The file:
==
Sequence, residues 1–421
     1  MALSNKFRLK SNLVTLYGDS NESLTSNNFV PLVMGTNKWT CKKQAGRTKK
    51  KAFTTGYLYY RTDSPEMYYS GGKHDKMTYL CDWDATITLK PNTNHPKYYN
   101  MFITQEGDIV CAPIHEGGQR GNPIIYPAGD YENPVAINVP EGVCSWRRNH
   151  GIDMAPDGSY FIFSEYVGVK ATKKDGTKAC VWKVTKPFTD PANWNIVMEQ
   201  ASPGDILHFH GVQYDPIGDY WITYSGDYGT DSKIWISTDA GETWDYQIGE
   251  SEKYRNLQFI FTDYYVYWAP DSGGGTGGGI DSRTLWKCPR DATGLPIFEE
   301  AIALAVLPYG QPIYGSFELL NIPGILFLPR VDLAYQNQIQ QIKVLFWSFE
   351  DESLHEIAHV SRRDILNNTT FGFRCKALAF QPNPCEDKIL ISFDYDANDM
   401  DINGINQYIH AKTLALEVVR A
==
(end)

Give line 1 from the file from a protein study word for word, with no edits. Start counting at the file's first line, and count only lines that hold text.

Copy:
Sequence, residues 1–421